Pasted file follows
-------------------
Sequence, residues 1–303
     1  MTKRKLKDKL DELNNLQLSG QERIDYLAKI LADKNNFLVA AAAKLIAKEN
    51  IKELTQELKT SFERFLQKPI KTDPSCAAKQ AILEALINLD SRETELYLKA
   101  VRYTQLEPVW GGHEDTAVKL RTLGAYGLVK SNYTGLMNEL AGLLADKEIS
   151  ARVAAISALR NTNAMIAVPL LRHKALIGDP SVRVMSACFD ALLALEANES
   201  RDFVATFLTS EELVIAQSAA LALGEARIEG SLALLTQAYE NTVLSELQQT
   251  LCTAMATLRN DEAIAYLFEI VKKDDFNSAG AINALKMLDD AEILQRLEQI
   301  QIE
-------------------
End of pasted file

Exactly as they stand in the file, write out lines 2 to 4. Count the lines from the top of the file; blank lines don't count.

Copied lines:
     1  MTKRKLKDKL DELNNLQLSG QERIDYLAKI LADKNNFLVA AAAKLIAKEN
    51  IKELTQELKT SFERFLQKPI KTDPSCAAKQ AILEALINLD SRETELYLKA
   101  VRYTQLEPVW GGHEDTAVKL RTLGAYGLVK SNYTGLMNEL AGLLADKEIS